Controlling this fungal disease can prove to be fairly difficult. Depending upon the size and severity of the rings, lawn specialists can determine if dethatching, aeration, chemical control, or reseeding is necessary. A well-cared-for lawn is the best prevention for this disease. This includes regular watering, dethatching, fertilizing, and soil testing.
Do you have Fairy Rings in your yard or another type of fungal disease? Call Pro-Tech Lawn Care at (603) 382-9644 or Toll Free: (800) 313-4733, and visit our website to request more information or an evaluation of the disease that may be impacting your lawn.
As we continue to examine the many types of diseases that can affect the trees and grass around your property, we want to remind our readers that, while they should keep a vigilant eye on their plantings and lawn, diagnosis and treatment is best left to the professionals who can identify the disease correctly and create a treatment plan that is right for your property. This week, we are taking a closer look at the lawn disease known as Dollar spot, including the identification, symptoms, and treatment options available.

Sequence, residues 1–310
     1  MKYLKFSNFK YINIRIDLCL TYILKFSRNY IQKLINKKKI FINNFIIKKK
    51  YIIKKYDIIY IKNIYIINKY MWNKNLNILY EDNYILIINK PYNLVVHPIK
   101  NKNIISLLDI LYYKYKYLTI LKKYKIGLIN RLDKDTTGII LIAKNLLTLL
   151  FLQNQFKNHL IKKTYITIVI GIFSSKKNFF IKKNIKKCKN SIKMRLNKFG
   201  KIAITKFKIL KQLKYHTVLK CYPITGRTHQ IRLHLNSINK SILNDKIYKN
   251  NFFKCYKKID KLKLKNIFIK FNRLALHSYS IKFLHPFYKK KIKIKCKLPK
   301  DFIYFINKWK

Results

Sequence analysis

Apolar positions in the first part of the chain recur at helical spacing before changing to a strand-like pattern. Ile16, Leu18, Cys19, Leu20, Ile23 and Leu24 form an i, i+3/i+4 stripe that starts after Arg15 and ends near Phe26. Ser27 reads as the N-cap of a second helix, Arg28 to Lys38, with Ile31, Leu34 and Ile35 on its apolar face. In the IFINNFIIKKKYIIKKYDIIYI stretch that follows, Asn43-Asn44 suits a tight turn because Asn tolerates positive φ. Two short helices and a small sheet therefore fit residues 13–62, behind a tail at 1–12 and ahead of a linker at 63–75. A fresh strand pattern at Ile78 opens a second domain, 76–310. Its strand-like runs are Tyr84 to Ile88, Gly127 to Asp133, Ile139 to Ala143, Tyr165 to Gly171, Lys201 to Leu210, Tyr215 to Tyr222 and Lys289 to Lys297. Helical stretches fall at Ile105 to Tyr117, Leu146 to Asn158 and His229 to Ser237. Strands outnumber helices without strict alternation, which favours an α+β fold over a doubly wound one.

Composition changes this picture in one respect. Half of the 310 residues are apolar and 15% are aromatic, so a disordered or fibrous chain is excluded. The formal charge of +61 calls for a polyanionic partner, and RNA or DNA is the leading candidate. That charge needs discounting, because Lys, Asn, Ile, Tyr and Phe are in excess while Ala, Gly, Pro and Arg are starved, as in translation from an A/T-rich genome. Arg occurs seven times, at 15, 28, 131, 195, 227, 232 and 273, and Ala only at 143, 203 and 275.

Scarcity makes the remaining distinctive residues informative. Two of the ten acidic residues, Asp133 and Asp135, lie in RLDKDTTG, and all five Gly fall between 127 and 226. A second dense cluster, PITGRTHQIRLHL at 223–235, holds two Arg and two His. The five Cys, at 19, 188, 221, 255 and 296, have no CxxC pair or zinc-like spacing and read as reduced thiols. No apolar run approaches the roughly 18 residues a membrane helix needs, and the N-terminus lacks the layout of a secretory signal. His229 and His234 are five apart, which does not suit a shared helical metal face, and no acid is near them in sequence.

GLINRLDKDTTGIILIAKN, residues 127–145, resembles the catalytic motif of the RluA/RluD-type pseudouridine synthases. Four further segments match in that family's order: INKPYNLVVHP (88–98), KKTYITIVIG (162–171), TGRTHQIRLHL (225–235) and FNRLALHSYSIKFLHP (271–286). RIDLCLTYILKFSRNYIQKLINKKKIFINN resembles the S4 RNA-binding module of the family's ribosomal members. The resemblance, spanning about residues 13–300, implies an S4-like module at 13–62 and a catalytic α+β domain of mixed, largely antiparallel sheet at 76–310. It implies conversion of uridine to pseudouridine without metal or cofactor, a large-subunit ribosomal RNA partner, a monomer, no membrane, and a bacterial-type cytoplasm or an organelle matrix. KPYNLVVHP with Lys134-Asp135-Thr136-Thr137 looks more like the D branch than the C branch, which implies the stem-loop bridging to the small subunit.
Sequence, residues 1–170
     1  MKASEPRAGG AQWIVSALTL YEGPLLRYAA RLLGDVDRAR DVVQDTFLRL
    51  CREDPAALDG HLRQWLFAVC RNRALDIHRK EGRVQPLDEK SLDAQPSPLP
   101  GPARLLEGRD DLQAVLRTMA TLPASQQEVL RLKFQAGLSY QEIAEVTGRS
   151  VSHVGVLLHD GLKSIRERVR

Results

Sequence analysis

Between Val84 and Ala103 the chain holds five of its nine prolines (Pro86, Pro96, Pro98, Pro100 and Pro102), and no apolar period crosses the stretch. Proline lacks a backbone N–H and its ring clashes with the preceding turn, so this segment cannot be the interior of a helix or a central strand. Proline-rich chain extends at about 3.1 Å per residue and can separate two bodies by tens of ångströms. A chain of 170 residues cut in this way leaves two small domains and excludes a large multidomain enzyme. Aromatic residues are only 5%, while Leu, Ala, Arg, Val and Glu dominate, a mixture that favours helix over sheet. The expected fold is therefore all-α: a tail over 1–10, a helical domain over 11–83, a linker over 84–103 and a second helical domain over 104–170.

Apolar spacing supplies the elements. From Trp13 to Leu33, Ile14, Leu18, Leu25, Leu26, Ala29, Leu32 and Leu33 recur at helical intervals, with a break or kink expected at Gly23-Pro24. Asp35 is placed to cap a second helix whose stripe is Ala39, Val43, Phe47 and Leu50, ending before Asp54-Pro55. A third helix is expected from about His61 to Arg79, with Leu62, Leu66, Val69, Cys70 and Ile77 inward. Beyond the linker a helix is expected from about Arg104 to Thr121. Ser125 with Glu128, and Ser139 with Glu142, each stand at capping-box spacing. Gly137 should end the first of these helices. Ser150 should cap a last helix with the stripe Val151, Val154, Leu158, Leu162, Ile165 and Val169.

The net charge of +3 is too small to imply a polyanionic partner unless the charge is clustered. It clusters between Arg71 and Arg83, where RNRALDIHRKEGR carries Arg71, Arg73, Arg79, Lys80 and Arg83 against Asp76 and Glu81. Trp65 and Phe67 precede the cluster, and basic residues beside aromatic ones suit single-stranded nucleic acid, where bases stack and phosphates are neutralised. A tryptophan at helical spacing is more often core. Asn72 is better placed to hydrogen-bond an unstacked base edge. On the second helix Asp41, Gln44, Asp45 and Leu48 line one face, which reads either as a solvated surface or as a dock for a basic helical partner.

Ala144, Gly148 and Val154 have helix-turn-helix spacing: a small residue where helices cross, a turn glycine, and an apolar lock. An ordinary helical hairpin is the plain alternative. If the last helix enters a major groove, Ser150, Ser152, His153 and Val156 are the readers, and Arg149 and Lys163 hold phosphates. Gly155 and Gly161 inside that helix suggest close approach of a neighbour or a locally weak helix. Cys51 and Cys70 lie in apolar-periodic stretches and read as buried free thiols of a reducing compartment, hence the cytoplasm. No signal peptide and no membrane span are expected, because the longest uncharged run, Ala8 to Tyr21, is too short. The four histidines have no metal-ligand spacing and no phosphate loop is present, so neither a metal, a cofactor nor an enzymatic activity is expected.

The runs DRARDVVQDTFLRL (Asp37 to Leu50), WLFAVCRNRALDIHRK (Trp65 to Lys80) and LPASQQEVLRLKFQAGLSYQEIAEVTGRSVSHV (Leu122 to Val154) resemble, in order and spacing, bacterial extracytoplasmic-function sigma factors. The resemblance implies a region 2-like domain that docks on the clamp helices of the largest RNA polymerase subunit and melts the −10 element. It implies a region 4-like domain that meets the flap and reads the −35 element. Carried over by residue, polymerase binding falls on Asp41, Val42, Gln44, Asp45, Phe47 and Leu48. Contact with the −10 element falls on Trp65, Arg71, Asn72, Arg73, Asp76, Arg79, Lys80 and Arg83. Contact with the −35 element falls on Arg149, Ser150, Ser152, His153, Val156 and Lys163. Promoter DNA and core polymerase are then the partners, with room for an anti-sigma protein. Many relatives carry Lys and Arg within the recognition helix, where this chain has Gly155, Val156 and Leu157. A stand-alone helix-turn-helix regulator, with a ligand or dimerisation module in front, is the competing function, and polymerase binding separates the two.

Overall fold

This disease is often underestimated because the small round spots only grow to about a few inches around – about the size of a silver dollar! Unfortunately the spots, which lesions in the shape of an hour glass on the width of the blade of grass, can mean that the disease is killing the turf clear down to the root. This, in turn, could cause serious damage to your beloved lawn. Dollar Spot, like the other diseases discussed this month, is also a fungal disease.
This disease specifically thrives when:
- the temperatures get between 70° F to 90° F,
- the soil moisture is low,
- the humidity is high,
- there is low nitrogen fertility,
- there is too much thatch on the lawn, and
- homeowners cut the grass too short.
Since this disease thrives when the soil moisture is low, a good course of treatment is a watering schedule based upon the climate and precipitation in your area. Included in a treatment plan should be an examination of the nitrogen levels and the health of the soil. If the disease has gotten a hold of the roots in patches around your yard, reseeding may be necessary.
Call Pro-Tech Lawn Care at (603) 382-9644 or Toll Free: (800) 313-4733, and visit our website to request more information or an evaluation of the disease that may be impacting your lawn.